Obama vows to strengthen middle class, fight income inequality
A feisty US President Barack Obama has vowed not to "sit around and twiddle my thumbs for the next 1,200 days" in the face of opposition from his Republican rivals in Congress who are blocking his efforts to improve the lives of weary Americans.
Washington: A feisty US President Barack Obama has vowed not to "sit around and twiddle my thumbs for the next 1,200 days" in the face of opposition from his Republican rivals in Congress who are blocking his efforts to improve the lives of weary Americans.
Obama also said the widening income inequality and the lingering effects of the financial crisis have frayed America's social fabric and undermined Americans' belief in opportunity.
"I will seize any opportunity I can find to work with Congress to strengthen the middle class, improve their prospects, improve their security," he said.
Obama, 51, now in the seventh month of his second innings at the White House, he vowed not to be cowed by his Republican adversaries in Congress and said he was willing to stretch the limits of his powers to change the direction of the debate in Washington.
"I'm not just going to sit back if the only message from some of these folks is no on everything, and sit around and twiddle my thumbs for the next 1,200 days," Obama told The New York Times.
Speaking a few days after the acquittal in the Trayvon Martin case prompted him to speak about being a black man in America, Obama said the country's struggle over race would not be eased until the political process in Washington began addressing the fear of many people that financial stability is unattainable.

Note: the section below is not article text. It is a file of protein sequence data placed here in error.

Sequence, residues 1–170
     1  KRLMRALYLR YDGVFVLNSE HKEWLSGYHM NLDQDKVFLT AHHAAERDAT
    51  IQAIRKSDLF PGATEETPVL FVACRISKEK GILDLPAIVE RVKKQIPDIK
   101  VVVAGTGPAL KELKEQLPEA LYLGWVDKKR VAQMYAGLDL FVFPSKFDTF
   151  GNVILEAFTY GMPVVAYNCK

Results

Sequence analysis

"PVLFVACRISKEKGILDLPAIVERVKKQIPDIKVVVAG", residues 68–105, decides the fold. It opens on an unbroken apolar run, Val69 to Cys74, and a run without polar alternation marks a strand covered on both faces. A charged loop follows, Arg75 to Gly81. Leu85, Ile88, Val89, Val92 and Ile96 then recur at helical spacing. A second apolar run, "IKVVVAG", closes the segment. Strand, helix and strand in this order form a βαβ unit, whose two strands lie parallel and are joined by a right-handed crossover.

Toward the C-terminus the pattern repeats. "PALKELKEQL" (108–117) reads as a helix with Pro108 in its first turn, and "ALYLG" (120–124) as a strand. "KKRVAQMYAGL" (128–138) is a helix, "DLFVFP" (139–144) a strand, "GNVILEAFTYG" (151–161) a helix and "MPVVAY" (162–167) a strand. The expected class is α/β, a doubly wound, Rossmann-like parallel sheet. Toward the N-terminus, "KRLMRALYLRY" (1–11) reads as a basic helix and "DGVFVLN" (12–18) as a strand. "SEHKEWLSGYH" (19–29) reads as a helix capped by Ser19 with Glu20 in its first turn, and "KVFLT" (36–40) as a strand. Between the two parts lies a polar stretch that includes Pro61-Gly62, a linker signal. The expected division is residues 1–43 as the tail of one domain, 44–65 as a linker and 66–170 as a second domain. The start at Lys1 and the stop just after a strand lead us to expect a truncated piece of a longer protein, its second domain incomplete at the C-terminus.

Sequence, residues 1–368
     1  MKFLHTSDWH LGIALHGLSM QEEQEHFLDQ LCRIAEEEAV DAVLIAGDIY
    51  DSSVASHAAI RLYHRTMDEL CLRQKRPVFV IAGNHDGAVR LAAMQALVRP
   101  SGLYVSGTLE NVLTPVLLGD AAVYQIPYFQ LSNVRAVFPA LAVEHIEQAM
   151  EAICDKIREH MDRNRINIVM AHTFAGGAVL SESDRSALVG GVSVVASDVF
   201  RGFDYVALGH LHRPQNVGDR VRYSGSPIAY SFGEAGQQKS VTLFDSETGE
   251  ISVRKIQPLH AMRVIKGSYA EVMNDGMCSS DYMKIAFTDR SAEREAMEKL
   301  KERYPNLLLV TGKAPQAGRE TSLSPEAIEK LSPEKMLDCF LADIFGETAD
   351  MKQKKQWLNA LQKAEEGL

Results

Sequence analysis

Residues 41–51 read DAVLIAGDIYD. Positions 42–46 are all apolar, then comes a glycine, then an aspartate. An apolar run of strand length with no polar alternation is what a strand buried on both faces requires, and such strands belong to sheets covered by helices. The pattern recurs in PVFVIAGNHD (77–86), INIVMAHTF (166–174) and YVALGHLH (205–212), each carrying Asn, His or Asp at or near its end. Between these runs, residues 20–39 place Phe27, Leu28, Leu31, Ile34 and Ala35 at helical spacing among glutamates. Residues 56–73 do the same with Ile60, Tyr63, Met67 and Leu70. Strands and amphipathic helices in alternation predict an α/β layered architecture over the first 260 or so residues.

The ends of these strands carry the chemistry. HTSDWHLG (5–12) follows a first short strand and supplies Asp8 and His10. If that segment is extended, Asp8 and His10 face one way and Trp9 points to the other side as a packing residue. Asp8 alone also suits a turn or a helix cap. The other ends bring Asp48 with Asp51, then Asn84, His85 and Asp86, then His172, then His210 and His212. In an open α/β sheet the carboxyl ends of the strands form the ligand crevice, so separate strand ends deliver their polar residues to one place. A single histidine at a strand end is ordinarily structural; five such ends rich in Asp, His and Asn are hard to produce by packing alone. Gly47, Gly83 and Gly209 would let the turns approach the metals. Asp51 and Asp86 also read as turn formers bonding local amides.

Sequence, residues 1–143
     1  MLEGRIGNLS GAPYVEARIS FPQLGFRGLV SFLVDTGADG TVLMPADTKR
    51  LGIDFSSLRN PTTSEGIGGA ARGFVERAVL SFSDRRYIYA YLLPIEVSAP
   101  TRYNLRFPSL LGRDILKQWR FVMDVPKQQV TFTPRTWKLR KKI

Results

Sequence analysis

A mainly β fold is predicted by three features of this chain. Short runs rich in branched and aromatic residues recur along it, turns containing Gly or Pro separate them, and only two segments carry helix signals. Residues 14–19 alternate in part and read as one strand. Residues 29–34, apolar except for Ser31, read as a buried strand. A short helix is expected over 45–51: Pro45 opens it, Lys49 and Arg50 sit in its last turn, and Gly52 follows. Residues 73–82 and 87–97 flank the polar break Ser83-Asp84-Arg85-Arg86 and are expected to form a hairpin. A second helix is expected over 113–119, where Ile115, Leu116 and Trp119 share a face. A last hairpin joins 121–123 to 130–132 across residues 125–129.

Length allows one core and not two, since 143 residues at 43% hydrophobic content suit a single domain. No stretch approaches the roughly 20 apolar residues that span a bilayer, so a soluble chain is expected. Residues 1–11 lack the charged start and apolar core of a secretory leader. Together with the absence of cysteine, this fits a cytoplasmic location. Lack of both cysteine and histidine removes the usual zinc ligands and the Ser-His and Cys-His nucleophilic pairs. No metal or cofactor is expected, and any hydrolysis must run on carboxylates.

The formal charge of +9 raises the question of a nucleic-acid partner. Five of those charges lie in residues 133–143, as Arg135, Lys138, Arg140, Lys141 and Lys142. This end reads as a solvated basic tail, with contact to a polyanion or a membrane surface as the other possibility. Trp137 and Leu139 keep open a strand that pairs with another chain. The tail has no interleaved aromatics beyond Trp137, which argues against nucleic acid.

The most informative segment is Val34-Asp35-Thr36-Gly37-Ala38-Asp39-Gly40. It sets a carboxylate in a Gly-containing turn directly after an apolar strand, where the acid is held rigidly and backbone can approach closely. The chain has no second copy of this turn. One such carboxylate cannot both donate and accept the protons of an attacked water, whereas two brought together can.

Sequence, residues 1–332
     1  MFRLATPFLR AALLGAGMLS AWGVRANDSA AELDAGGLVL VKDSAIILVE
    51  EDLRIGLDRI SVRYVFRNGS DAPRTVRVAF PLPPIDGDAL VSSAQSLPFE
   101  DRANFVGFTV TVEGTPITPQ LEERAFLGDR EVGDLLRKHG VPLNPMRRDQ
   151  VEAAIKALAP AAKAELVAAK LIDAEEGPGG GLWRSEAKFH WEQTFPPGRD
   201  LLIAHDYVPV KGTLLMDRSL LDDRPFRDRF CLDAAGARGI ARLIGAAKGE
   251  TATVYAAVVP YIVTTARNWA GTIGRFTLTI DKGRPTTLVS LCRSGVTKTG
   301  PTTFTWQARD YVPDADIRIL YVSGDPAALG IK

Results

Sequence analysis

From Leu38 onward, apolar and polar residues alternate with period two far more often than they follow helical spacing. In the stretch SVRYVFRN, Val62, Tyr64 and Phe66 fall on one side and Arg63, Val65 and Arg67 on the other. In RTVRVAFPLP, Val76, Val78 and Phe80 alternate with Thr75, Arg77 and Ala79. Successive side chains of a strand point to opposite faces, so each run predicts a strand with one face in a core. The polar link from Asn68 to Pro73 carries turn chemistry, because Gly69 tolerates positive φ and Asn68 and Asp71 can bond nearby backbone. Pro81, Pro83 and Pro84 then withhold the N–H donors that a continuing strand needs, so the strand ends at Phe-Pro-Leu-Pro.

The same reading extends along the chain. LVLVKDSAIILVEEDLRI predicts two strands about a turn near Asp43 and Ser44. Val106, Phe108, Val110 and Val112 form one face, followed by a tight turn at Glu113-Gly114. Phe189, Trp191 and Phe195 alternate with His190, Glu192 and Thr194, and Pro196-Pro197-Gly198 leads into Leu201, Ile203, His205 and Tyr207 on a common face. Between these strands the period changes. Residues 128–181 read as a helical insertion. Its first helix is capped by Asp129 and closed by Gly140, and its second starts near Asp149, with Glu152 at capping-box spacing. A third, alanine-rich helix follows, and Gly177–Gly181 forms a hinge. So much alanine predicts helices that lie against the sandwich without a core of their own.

"Racial tensions won't get better; they may get worse, because people will feel as if they've got to compete with some other group to get scraps from a shrinking pot," he said.
"If the economy is growing, everybody feels invested. Everybody feels as if we're rolling in the same direction."
Upward mobility, "was part and parcel of who we were as Americans. And that's what's been eroding over the last 20, 30 years, well before the financial crisis," Obama said.
"If we don't do anything, then growth will be slower than it should be. Unemployment will not go down as fast as it should. Income inequality will continue to rise," he said, underlining that "that's not a future that we should accept."
The US economy is "far stronger" than four years ago, he said, yet many people who write to him still do not feel secure about their future, even as their current situation recovers.
"That's what people sense," he said. "That's why people are anxious. That's why people are frustrated."
Without a shift in Washington to encourage growth over "damaging" austerity, Obama added, not only would the middle class shrink, but in turn, contentious issues like trade, climate change and immigration could become harder to address.
Obama also called for an end to the emphasis on budget austerity that Republicans ushered in when they captured control of the House of Representatives in November 2010.
The priority, he said, should be spending for infrastructure, education, clean energy, science, research and other domestic initiatives of the sort he twice campaigned on.
He called for a shift "away from what I think has been a damaging framework in Washington."
Even as he spoke, House Republicans were pushing measures in the opposite direction: to continue into the fiscal year that starts October 1 the indiscriminate across-the-board spending reductions - known as sequestration - that Obama opposes, and to cut his priorities deeper still.
Republicans are also threatening to block an increase in the government's borrowing limit - an action that must be taken by perhaps November to avoid financial crisis - unless Congress withholds money for his health care law.
Obama all but dared Republicans to challenge his executive actions, including his decision three weeks ago to delay until 2015 the health care law's mandate that large employers provide insurance or pay fines.
"If Congress thinks that what I've done is inappropriate or wrong in some fashion, they're free to make that case," he said. "But there's not an action that I take that you don't have some folks in Congress who say that I'm usurping my authority. Some of those folks think I usurp my authority by having the gall to win the presidency."